Influenza-associated pediatric mortality and staphylococcus aureus co-infection
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Influenza-associated pediatric mortality and staphylococcus aureus co-infection

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      Wednesday, January 30, 2008, 19:17 EST (07:17 PM EST)


      CDC is requesting that states report all cases of influenza-related pediatric mortality during the 2007-2008 influenza season. This health advisory contains updated information about influenza and bacterial coinfections in children and provides interim testing and treatment recommendations.

      Since 2004, the Influenza-Associated Pediatric Mortality Surveillance System, part of the Nationally Notifiable Disease Surveillance System, has collected information on deaths among children due to laboratory-confirmed influenza, including the presence of other medical conditions and bacterial infections at the time of death. From October 1, 2006 through September 30, 2007, 73 deaths from influenza in children were reported to CDC from 39 state health departments and two city health departments. Data on the presence (or absence) of bacterial co-infections were recorded for 69 of these cases; 30 (44%) had a bacterial co-infection, and 22 (73%) of these 30 were infected with Staphylococcus aureus.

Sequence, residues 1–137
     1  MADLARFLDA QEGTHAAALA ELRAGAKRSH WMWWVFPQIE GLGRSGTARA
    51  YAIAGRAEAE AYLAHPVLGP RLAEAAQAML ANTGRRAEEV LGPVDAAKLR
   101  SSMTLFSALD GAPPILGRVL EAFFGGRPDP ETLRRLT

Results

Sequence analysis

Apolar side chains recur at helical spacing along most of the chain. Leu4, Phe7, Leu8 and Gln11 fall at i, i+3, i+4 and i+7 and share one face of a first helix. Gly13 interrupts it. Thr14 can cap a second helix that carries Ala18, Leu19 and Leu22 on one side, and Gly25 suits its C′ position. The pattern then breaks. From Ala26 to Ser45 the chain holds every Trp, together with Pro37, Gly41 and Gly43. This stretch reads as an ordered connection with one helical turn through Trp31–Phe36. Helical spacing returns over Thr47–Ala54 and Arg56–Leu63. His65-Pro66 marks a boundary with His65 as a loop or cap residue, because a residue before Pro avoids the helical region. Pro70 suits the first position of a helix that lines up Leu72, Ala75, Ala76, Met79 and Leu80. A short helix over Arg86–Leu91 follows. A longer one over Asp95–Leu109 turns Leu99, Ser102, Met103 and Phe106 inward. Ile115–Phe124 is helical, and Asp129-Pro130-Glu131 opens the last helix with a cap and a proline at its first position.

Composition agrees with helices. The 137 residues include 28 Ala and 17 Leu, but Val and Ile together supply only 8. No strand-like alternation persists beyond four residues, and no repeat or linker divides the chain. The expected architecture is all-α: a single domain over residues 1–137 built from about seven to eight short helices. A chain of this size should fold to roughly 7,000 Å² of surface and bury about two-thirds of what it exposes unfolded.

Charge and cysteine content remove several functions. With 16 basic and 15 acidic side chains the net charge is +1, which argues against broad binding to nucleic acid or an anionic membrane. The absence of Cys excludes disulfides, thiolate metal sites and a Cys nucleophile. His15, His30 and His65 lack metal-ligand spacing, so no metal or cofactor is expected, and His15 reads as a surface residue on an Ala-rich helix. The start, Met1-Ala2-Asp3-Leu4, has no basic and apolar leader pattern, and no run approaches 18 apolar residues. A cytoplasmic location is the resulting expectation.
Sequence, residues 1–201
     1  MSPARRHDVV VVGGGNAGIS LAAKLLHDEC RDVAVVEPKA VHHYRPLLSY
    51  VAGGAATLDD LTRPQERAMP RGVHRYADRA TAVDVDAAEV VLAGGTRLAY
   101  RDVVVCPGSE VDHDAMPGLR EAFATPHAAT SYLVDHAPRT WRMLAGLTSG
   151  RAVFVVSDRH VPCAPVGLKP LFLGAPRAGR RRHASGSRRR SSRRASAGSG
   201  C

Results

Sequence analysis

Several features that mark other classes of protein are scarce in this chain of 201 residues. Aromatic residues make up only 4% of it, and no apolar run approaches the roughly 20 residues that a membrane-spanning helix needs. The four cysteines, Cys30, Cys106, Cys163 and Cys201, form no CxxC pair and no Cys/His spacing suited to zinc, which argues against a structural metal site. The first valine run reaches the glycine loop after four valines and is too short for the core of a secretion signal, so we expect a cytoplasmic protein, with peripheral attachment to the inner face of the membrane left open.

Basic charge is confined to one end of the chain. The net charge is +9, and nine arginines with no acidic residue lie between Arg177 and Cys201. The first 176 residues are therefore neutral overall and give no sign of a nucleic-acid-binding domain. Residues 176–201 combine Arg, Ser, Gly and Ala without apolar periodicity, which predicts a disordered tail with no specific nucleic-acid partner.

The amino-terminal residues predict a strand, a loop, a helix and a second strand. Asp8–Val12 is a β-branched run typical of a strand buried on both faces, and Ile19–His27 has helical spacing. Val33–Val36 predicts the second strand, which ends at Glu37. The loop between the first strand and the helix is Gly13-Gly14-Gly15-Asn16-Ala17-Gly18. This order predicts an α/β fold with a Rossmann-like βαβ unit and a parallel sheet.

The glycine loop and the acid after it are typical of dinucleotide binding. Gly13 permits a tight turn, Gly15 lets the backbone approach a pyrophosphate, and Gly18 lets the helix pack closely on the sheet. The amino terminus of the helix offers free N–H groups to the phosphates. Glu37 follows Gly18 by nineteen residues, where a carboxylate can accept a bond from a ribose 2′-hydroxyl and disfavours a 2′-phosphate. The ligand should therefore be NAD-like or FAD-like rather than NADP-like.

The number of pediatric influenza-associated deaths reported during 2006-07 was moderately higher than the number reported during the two previous surveillance years; the number of these deaths in which pneumonia or bacteremia due to S. aureus was noted represents a five-fold increase. Only one S. aureus co-infection among 47influenza deaths was identified in 2004-2005, and 3 co-infections among 46 deaths were identified in 2005-2006. Of the 22 influenza deaths reported with S. aureus in 2006-2007, 15 children had infections with methicillin-resistant S. aureus (MRSA).

      The median age of children with S. aureus co-infection was older than children without S. aureus coinfection (10 years versus 5 years, p<.01) and children with co-infection were more likely to have pneumonia and Acute Respiratory Distress Syndrome (ARDS). Influenza strains isolated from these children were not different from common strains circulating in the community, and the MRSA strains have been similar to those associated with MRSA skin infection outbreaks in the United States.

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